Thursday, 3 March 2016

Blockchain Technology and Electronic Transferable Records

Here is the powerpoint file for my presentation at the seminar "Electronisation of Transferable Documents or Instruments Used in International Trade" (10-11 March 2016) in Singapore (organised by UNCITRAL, Attorney-General’s Chambers of Singapore and the Association of Banks in Singapore (ABS)).

Monday, 21 December 2015

Blockchain-based electronic transferable record's functional equivalence to endorsement of paper-based transferable documents

A chain of transactions of an electronic record on a blockchain looks like a chain of endorsements on a paper-based transferable document except that the transactions are anonymous. Despite the anonymity, the blockchain technology ensures a far greater security than bearer documents. I think, therefore, that the law should be crafted in such a way as to allow documents made to order (such as order bills of lading) as well as bearer documents (such as bearer bills of lading) to be replaced by blockchain-based electronic records.
From that point of view, this post will examine the draft text of the UNCITRAL Model Law on Electronic Transferable Records. I have noted in my earlier post that the work on the Model Law should be pursued with the blockchain technology in mind so as to facilitate its applications to replace paper-based transferable documents. As of the time of writing, the most recent official documents containing a draft text are A/CN.9/WG.IV/WP.135 and A/CN.9/WG.IV/WP.135/Add.1, both dated August 2015. The draft provisions quoted below are taken from them.

Draft article 19. Endorsement
Where the law requires or permits the endorsement in any form of a paper-based transferable document or instrument, that requirement is met with respect to an electronic transferable record if information [relating to the endorsement] [constituting endorsement] [indicating the intention to endorse] is [logically associated or otherwise linked to] [included in] that electronic
transferable record and that information is compliant with the requirements set forth in articles 8 and 9.

While an electronic record on a registry may include information constituting endorsement, in the case of an electronic record on a blockchain, it is the blockchain (or, to be more precise, a chain of transactions contained therein) rather than the record itself which indicates intentions of endorsement. Accordingly, the expressions "indicating the intention to endorse" and "logically associated with" seem better cater for the blockchain technology. The words “logically associated” was indeed retained "to provide for all possible instances and methods for the incorporation of an endorsement in an electronic transferable record." (A/CN.9/828, para. 80).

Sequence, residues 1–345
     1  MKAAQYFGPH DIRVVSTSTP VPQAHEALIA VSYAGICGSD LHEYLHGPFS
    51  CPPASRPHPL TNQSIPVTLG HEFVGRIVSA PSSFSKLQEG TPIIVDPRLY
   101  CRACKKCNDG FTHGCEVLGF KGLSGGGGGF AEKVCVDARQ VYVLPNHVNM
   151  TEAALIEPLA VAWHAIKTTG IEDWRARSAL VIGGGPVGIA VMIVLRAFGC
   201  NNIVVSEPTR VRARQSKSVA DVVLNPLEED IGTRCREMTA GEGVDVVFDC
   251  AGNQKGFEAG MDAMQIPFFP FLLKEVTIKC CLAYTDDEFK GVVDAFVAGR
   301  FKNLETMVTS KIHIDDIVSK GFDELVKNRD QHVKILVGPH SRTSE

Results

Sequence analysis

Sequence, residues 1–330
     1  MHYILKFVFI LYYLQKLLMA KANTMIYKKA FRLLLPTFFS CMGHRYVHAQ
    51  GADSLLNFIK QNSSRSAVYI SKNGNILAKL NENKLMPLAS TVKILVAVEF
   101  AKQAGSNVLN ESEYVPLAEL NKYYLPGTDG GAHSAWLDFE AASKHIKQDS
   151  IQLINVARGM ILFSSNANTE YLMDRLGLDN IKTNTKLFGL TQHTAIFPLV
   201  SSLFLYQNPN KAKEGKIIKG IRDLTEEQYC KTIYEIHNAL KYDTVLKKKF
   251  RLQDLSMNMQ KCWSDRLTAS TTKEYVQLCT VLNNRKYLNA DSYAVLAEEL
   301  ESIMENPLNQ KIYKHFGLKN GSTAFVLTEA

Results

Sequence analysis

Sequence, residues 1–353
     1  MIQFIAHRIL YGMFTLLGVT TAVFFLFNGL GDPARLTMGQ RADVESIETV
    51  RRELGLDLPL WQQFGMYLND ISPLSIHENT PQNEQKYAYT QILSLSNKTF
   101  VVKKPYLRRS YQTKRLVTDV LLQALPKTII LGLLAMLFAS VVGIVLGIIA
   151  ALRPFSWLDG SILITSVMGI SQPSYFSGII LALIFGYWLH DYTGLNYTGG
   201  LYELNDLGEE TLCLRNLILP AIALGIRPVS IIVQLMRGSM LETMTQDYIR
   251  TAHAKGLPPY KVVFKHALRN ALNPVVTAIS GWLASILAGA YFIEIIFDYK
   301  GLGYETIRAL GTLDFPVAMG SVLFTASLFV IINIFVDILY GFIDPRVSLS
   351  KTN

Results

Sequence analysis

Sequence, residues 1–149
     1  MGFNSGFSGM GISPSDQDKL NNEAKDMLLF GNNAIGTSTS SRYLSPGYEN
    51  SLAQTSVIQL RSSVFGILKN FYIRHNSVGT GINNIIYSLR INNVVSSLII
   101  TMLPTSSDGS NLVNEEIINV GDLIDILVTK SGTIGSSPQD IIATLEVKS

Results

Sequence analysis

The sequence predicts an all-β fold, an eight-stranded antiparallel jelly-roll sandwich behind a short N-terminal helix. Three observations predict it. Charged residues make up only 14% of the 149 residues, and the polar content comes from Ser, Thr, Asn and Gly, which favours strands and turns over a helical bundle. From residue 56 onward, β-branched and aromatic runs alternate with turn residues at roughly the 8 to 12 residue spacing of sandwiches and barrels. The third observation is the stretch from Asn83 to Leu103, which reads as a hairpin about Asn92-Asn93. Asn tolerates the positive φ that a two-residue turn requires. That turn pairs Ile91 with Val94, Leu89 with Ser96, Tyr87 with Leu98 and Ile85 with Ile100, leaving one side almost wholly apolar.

A more difficult question relates to compliance with the requirement set forth in Article 9.

Draft article 9. Signature
Where the law requires a signature of a person, that requirement is met [with respect to] [in relation to] [by] an electronic transferable record if:
(a) A method is used to identify that person and to indicate that person’s intention in respect of the information contained in the electronic record; and
(b) The method used is either ...

This provision will not pose problem with respect to a blockchain-based electronic record to the extent it applies to signatures to be included in the record itself, e.g. a "for the master" signature on a bill of lading. 
It is also intended, as indicated by Draft Article 19, to cover signatures for endorsements. It would be natural to impose a signature requirement to ensure functional equivalence to endorsement, especially if we envisage a registry-based electronic transferable record.  But the requirement of identification, if it is read as requiring identification by name, would be incompatible with electronic records on an open, permissionless blockchain since the parties are anonymous. Logistically, it seems possible to build a system whereby the performance of the obligation represented by the electronic record (e.g. the delivery of goods) is effected without the name of the holder of the private key having to be revealed to the obligor (e.g. carrier) by, for example, allowing the record to activate a key in the physical world (e.g. the key to the container). In my earlier post, I have suggested that a blockchain-based bill of lading may, for that reason, be seen as functionally equivalent to a bearer bill of lading. But the present post is considering how to make rules enabling the replacement of order bills of lading (and other documents made to order) with a blockchain-based electronic records. 
The word "identify" also appears in the following provision.

Draft article 17. [Possession] [Control]
1. Where the law requires the possession of a paper-based transferable document or instrument, that requirement is met with respect to an electronic transferable record if:
(a) A method is used to establish exclusive control of that electronic transferable record by a person and to reliably [identify] [establish] that person as the person in control; and
(b) The method used is either ...

The Secretariat notes, "identification should not be understood as implying an obligation to name the person in control" (para. 22) (See my earlier post for a comment). It would aid clarity to say so expressly in the provision. The same could be done in draft Article 19 and it would make it friendlier to blockchain-based electronic records. But it might not be satisfactory for register-based electronic records. That is why I call this a "more difficult question."